blocking distributed botnet attacks against WordPress (multisite)

I checked the Activity Monitor page1 for UCalgaryBlogs this morning, and noticed that there had been several thousand attempts by people (or “people”) to login using the usernames “admin” (the default WordPress admin account, which isn’t what’s used on UCalgaryBlogs) and “siteadmin” (which is the username for our server – scripts must have sniffed it from blog posts on the main site…)

Curious. I’d installed the fantastic Limit Login Attempts plugin to prevent people from brute-forcing logins, but that plugin only kicks in if the same IP address hits the login form repeatedly. This botnet attack was different – each request had a different IP address, and a different user-agent string. So Limit Login Attempts wasn’t blocking them, and my htaccess user-agent filter wasn’t catching them because they were either valid user-agents, or close enough to get through.

Looks like they were using a dictionary attack, starting at aardvark and working through zyzzyva. Thankfully, I don’t use actual words for passwords, but I decided to change the password to use something stronger than I’d been using. Thanks to 1Password for making that trivial. I don’t actually know the password now. And it has nothing to do with any word found in a dictionary (except that it might use some of the same ascii characters).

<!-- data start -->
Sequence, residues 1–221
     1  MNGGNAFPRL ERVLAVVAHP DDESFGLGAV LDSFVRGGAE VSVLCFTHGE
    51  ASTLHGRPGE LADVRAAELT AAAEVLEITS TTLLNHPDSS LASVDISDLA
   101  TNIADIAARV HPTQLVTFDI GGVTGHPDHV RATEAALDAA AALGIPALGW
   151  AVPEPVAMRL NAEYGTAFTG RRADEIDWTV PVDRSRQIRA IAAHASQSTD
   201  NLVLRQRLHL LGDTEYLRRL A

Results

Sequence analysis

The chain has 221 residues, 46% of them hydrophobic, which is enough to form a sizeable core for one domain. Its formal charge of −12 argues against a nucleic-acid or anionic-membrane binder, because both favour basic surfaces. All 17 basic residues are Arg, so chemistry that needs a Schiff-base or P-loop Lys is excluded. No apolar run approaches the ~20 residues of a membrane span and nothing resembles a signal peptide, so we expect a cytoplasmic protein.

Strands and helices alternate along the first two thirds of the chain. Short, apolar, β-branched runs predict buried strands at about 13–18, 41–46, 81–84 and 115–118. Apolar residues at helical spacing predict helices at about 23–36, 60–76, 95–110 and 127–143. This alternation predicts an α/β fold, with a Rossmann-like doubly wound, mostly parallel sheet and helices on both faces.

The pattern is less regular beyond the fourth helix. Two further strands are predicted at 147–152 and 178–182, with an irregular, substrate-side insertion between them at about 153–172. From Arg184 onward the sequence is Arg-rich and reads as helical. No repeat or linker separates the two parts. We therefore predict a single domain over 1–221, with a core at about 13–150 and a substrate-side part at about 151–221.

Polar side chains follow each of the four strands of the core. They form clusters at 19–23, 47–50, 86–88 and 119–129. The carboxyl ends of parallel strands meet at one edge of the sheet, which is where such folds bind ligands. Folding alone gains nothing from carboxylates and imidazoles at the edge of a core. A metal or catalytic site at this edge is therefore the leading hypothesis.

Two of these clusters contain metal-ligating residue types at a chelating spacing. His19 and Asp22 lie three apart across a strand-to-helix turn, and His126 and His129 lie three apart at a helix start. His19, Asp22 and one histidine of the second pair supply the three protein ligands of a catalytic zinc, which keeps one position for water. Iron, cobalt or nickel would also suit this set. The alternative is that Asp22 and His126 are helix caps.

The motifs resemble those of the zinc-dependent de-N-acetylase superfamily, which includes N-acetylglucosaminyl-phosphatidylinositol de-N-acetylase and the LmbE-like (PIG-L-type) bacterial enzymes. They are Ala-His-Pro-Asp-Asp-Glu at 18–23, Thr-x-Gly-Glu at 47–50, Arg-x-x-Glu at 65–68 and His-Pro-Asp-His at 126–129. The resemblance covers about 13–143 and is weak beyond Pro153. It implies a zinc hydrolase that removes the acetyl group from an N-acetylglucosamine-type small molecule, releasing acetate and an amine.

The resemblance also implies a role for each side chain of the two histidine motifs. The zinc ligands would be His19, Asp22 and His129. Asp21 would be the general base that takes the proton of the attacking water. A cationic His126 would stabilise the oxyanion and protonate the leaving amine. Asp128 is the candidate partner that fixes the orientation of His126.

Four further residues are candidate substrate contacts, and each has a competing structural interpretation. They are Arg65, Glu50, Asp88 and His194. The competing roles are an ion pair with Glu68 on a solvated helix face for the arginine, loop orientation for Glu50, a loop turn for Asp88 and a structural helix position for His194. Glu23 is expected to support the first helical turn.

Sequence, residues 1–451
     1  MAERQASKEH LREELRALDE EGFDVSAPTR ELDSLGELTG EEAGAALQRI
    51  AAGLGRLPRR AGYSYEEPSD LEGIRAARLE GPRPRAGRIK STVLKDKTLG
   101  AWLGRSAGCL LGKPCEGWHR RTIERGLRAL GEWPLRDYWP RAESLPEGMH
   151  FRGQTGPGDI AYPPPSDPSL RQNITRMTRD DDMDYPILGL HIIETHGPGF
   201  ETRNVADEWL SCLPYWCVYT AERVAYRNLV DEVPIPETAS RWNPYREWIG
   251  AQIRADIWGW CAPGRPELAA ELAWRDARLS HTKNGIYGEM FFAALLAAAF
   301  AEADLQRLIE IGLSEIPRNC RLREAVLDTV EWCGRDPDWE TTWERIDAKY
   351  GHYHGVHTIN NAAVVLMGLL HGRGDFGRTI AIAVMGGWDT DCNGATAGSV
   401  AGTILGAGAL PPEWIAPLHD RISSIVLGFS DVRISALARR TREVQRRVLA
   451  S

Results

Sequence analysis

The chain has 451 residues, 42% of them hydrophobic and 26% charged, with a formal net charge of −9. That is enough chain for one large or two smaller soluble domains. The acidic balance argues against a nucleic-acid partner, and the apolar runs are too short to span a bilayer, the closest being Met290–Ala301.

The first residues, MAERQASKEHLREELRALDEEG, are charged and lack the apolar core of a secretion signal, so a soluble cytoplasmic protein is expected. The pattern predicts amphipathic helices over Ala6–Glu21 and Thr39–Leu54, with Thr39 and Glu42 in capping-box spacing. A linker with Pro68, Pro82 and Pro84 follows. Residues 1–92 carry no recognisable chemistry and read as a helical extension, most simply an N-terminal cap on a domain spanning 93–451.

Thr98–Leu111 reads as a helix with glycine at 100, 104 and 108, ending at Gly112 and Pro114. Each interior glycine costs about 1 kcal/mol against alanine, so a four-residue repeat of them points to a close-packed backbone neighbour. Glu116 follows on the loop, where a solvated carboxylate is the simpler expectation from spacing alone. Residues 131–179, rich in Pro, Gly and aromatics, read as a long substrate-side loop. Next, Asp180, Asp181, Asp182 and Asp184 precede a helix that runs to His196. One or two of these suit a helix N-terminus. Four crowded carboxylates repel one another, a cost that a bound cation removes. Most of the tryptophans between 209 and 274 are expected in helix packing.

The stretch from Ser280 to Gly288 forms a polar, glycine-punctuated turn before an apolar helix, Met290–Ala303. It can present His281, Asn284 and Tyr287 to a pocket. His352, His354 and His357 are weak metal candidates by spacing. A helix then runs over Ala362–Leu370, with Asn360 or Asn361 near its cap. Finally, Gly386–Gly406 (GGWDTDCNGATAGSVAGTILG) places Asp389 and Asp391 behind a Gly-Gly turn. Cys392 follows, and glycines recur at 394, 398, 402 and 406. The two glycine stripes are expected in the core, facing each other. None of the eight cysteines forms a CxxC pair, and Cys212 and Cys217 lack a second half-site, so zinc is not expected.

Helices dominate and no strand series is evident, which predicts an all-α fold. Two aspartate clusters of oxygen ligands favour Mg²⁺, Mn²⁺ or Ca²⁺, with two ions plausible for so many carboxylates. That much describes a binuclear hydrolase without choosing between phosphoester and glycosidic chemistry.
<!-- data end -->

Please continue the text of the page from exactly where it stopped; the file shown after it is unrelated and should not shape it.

Some quick googling for “wordpress distributed botnet protect” turned up a new (to me) plugin called Botnet Attack Blocker. Sounds interesting. It was written in response to some recent distributed botnet attacks, and handles logins spread across different IP addresses.

Installed. Activated on the main blog site. And the attack stopped instantly. I can still login from the campus network even if the plugin kicks in and blocks admin logins. But the botnets can’t continue to brute-force passwords.

Screen Shot 2013 10 16 at 11 48 40 AM

So, now it’s been over 3 hours since activating the plugin. And the attack has (for now) been blocked.

Lessons learned:

  1. Do not (ever) use actual words in passwords. Ever. Generate something secure, and use a tool to store/retrieve them.
  2. Keep up to date on the security environment for the tools – including WordPress. I hadn’t been aware of a distributed botnet attack problem recently, nor of a plugin developed specifically to block that.
  3. Install Limit Login Attempts to stop single-IP-address attacks.
  4. Install Botnet Attack Blocker to stop distributed botnet attacks.
  1. using an old version of the WPMUDev Blog Activity plugin [] is 4 years old

The latest iteration of the campus blogging platform,, is 4 years old today. It had run previously as a Drupal community (started way back in 2005!), before migrating it to WordPress Multiuser, and now just plain old WordPress. For its first year, it basically sat idle. Then, starting in the fall semester of 2008, things kind of took off. Slowly, at first, and then in bursts at each new semester.

Screen Shot 2011 10 03 at 11 08 46 AM